Needless to say, form-based authentication is the most common type of authentication scheme on the web. Practically any PHP application implements one - most of the time badly. If correctly implemented the form-based authentication should be resilient to automated password guessing attempts but although it may sound simple, this is by no means easy in real-world scenarios as there are many corner cases that require specific type of handling.
To set up a form-based authentication bruteforce attack we need to follow the same steps with the Basic Authentication example. This time we will not use the Authorization header but we will have to follow set up the parameters that are expected by the application. We can capture that information first by the AppBandit Proxy or tools such as HTTPView which work straight from your own browser without additional setup.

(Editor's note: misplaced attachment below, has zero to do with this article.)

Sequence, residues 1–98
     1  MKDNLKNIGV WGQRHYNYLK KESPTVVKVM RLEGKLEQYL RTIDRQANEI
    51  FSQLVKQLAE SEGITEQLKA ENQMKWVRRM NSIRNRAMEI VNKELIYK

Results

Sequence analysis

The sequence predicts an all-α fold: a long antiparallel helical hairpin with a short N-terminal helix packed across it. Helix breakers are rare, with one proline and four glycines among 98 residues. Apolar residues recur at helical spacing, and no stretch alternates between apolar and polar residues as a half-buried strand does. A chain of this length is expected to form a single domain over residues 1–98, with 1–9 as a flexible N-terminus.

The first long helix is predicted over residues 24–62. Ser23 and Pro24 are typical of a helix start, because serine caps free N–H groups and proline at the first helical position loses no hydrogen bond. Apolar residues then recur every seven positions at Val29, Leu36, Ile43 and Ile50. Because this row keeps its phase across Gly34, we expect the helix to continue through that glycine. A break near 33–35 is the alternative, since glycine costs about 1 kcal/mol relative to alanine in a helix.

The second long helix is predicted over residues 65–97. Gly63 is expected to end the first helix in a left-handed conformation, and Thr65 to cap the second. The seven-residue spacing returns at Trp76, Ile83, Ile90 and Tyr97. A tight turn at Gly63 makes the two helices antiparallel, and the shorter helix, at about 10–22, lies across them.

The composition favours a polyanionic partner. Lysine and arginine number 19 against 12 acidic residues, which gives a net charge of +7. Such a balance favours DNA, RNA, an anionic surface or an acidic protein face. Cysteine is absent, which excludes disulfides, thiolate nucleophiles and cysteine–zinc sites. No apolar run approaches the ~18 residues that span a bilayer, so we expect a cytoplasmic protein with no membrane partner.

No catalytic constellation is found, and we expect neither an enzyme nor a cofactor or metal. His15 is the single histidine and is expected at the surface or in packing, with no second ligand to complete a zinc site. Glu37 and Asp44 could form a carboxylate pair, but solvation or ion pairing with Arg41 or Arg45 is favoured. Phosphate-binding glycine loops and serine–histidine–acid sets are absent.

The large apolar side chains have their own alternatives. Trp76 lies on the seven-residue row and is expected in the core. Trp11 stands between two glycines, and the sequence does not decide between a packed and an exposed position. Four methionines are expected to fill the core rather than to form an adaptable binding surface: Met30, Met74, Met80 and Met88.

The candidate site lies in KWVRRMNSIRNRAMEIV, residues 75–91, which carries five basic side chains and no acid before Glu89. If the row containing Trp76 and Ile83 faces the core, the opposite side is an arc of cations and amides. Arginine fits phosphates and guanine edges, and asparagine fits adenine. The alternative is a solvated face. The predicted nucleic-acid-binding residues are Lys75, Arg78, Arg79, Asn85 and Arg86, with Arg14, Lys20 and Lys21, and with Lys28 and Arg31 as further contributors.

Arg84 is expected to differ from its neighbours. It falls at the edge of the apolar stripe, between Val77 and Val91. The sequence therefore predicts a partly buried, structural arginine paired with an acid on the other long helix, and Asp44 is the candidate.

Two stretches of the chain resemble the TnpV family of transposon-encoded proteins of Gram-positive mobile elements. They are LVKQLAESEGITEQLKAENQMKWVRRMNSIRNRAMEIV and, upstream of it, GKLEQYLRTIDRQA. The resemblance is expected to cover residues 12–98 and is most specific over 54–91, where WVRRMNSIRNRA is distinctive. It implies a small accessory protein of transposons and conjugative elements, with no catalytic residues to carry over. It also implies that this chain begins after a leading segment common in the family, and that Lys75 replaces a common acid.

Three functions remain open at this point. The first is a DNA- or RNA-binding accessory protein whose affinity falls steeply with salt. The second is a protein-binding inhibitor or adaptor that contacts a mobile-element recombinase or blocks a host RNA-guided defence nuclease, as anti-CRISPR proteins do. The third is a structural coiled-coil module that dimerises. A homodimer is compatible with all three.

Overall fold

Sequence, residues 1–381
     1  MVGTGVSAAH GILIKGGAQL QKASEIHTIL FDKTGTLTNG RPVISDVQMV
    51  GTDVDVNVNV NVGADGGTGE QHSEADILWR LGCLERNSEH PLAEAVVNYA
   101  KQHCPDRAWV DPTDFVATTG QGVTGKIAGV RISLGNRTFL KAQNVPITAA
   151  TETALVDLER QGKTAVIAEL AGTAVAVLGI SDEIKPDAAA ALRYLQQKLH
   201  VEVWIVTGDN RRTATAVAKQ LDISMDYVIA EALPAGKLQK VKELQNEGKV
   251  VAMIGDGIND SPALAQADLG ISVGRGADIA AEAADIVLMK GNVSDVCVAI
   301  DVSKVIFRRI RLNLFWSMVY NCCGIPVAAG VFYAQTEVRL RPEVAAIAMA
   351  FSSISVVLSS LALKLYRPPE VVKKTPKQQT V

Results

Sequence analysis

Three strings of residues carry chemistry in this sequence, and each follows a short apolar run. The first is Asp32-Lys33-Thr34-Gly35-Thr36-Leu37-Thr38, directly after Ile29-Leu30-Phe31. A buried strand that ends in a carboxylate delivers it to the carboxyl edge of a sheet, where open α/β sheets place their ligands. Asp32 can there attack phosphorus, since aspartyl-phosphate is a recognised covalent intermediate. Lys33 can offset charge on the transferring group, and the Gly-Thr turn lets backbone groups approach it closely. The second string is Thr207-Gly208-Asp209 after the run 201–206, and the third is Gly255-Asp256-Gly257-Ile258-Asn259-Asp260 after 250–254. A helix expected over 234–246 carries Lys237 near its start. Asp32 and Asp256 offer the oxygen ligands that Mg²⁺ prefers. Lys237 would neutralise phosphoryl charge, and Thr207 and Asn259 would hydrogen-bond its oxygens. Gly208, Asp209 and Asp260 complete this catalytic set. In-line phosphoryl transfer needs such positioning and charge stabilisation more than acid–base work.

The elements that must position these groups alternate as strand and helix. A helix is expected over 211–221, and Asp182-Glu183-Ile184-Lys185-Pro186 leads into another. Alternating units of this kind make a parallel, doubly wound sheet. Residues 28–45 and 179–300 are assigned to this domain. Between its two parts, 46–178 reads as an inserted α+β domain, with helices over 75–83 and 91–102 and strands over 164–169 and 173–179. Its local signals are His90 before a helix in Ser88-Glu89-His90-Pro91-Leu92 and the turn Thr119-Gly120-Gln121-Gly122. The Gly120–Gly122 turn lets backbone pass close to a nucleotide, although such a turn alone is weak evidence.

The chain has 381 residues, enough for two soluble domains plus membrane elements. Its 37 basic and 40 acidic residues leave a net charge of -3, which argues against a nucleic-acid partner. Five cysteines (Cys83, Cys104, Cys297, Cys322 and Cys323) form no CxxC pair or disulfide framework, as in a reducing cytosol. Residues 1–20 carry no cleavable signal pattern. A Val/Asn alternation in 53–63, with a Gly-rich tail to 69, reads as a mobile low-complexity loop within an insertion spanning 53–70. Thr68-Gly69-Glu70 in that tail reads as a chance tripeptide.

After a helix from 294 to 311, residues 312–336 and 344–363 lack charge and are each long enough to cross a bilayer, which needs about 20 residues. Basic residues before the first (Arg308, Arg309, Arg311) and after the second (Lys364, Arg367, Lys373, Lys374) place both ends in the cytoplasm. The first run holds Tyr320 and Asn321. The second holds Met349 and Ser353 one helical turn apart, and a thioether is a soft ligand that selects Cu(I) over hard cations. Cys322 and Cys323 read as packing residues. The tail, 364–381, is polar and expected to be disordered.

We can get pretty clever as especially if the username is an email and we want to cover more ground. For example, instead of bruteforcing one account with many passwords, we could bruteforce a small subset of common passwords against many accounts and we can also dynamically generate the accounts as we will do next.
So let's set up a generator for our user list. First, we will define some variables to make the attack a lot more configurable.
As you can see, we are using some dictionaries (most of them from seclists). We dynamically generate the email address. In practice, we can cover more than one domain in the same attack.
Now let's add the top 100 more common passwords from the same list. We use another dictionary from seclists as shown in the example. As you can see, we can get pretty creative with this.